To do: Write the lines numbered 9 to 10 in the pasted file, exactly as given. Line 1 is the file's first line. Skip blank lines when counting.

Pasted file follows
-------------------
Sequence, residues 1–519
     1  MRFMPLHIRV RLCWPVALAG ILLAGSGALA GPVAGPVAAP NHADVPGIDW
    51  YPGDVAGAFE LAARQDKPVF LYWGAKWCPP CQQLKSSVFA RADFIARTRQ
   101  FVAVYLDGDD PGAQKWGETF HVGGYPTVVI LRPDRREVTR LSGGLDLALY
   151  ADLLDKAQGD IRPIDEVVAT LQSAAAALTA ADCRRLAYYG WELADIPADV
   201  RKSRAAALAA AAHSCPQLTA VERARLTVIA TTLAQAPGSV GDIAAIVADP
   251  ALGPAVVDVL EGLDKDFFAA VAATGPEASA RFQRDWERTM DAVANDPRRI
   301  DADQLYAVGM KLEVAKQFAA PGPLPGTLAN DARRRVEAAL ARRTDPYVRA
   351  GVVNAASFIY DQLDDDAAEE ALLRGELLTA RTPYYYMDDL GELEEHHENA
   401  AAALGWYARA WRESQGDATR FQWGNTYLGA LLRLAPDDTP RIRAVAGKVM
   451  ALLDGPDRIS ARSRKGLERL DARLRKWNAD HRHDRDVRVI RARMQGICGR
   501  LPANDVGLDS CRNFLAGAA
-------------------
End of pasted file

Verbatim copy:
   351  GVVNAASFIY DQLDDDAAEE ALLRGELLTA RTPYYYMDDL GELEEHHENA
   401  AAALGWYARA WRESQGDATR FQWGNTYLGA LLRLAPDDTP RIRAVAGKVM